Koko Pimentel, VIP
The late great Nene Pimentel’s son and namesake is behaving like an “abogado” in the worst sense vis-à-vis the complaint filed against him in connection with his visit to the Makati Medical Center (MMC) on March 24, when he was awaiting the result of his COVID-19 test. Sen. Aquilino “Koko” Pimentel III has finally submitted a counter affidavit and is showing the public how a man like him — lawyer, bar topnotcher, and longtime lawmaker — can dig in and prolong what should be an open-and-shut case.
Pimentel has described former law dean Rico Quicho’s complaint as a “baseless case,” in effect negating the remorseful words he aired on TV on March 26: “I would like to sincerely and profoundly apologize for this very unfortunate incident. … I never intended to breach any protocol but I realize now, I unnecessarily caused additional anguish [and] concern to the courageous healthcare workers who we all depend [on].”
In April, Quicho brought a complaint against Pimentel at the Department of Justice for alleged violation of Republic Act No. 11332 (or the Mandatory Reporting of Notifiable Diseases and Health Events of Public Health Concern Act) by accompanying his then pregnant wife to the MMC despite his being a person under investigation (PUI) for COVID-19.
On March 11, it was announced that an infected person had served as resource person in a committee hearing at the Senate. Pimentel himself did not attend the hearing, but he subsequently spoke with two other senators who were present. He began experiencing flu-like symptoms including body pains, sore throat, and high fever in the next few days, and had himself tested for the novel coronavirus on March 20.
Yet mere days later, he went to the hospital with his wife, who had been scheduled to undergo a caesarean operation. It was there that he received a phone call informing him that he had tested positive.
The MMC subsequently issued a strongly worded statement admonishing Pimentel for his “irresponsible and reckless action” and the danger to which he exposed the hospital staff. It assured the public that disinfection measures as well as quarantine procedures for the exposed personnel would be put in place and expressed regret for the momentary disruption of hospital operations.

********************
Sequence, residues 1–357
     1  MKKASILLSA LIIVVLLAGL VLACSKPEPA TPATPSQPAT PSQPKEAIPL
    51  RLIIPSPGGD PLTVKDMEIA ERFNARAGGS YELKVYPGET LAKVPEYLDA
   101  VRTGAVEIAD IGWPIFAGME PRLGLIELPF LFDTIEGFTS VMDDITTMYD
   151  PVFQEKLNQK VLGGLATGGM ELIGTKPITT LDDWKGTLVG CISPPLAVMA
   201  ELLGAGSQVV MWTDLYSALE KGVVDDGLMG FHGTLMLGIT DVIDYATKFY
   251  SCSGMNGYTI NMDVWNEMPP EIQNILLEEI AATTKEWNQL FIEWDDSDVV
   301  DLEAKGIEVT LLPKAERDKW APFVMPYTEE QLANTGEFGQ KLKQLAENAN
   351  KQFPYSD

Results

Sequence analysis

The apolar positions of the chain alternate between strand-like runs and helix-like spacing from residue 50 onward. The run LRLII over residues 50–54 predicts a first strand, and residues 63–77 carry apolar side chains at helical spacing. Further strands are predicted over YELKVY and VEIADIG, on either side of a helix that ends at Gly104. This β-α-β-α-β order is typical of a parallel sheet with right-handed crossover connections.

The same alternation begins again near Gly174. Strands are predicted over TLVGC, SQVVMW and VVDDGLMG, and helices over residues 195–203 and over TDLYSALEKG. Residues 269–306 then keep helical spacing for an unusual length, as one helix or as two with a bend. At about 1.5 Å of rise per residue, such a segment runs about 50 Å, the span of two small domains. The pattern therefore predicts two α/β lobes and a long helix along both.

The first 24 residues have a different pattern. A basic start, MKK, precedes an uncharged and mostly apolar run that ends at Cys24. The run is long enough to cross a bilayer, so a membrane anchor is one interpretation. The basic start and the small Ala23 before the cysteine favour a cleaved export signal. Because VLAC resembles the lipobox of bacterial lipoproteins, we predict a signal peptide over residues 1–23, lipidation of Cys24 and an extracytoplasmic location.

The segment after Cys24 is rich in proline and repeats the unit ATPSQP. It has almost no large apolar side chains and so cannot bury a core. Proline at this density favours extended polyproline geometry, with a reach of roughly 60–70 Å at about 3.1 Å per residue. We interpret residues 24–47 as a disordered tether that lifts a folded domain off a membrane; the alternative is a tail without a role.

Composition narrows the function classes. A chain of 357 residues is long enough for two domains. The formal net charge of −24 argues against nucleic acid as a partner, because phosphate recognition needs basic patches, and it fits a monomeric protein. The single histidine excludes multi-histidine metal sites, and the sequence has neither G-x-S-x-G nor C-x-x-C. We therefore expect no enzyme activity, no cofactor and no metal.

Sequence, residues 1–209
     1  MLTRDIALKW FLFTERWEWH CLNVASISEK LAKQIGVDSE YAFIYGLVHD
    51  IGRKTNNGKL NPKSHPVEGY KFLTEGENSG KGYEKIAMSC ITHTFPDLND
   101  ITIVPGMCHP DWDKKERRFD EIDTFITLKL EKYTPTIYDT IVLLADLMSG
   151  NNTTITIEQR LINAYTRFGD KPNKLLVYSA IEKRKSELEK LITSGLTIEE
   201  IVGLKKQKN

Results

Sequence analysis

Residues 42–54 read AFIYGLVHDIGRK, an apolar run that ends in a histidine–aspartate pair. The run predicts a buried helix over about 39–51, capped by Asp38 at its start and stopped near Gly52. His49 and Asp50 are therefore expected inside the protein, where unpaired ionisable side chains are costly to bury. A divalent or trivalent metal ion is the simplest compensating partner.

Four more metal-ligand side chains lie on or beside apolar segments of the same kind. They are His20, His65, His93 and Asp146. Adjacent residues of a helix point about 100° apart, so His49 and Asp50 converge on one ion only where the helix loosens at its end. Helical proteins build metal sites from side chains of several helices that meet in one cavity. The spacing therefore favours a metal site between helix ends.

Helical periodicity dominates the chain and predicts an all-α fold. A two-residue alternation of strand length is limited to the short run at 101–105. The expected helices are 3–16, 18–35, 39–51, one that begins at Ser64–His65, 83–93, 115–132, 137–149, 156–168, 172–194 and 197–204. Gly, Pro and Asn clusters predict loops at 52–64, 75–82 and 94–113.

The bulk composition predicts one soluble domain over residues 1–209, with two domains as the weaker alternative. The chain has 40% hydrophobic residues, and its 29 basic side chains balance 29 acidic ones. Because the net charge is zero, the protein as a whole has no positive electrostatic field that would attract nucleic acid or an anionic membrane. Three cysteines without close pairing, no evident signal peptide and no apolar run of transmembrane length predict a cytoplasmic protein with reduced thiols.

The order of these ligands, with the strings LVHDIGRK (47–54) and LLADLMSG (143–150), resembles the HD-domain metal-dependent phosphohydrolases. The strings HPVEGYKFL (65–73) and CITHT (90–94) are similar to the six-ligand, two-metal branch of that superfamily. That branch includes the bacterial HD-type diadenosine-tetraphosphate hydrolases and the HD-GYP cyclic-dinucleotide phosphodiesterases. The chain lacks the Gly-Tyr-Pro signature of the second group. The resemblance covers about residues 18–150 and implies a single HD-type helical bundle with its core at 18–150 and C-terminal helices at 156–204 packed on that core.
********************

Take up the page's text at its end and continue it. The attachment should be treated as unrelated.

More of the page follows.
The senator’s apology included this call to the hospital management: “Please tell me how I can make it up to you.”
Yet the DOJ, seemingly protecting one of its own, said it would not open an inquiry into the breach of quarantine unless a complaint was filed. Quicho was thus prompted to lodge his complaint, which, he said recently, had been endorsed by the Department of Health to the Philippine National Police and the National Bureau of Investigation. Health Undersecretary Maria
Rosario Vergeire has confirmed the endorsement.
For all that, and per portions of his counter affidavit leaked to the press, Pimentel now insists that he was not a PUI when he went to the hospital with his wife, but merely a VIP who had undergone testing for the coronavirus. As such, he says, he was not in violation of any quarantine protocol in escorting his spouse to the MMC.
The senator is referring, with breathtaking insensitivity, to the testing priority accorded by health authorities to very important persons like himself during the early days of the contagion. The public will easily recall that, much to its (futile) indignation, health care workers had to make trips to these VIPs’ residences or offices to administer tests to them and even to their near and dear. On that sore point alone, it hardly comes as a surprise that Quicho describes Pimentel’s counter affidavit as an “entitled rant of an arrogant man being held to account for his actions.”
It’s in the people’s interest to watch how this case proceeds, in order to take firm note of the ways by which VIPs, particularly the self-proclaimed, manage to get around the law and ultimately off the hook, while ordinary folk standing stupefied in the sun with a mask on lopsided get dragged off to their reckoning. (And the chief of the National Capital Region Police Office has yet to be held accountable for his sweet “mañanita.”)
But perhaps Pimentel merely forgets himself, or his father’s name, or where he’s from. To remember, perhaps he should listen to the remarks of Fr. Jett Villarin, SJ, president of Ateneo de Manila, his alma mater along with the University of the Philippines. “You are more than just a lawyer,” Villarin told the Ateneo’s new law graduates at their conferment ceremony. “You are a human being first.”
He reminded the graduates of putting their being “expert technicians of the law” below their being human: “ Magpakatao bago magpaka-abogado.”
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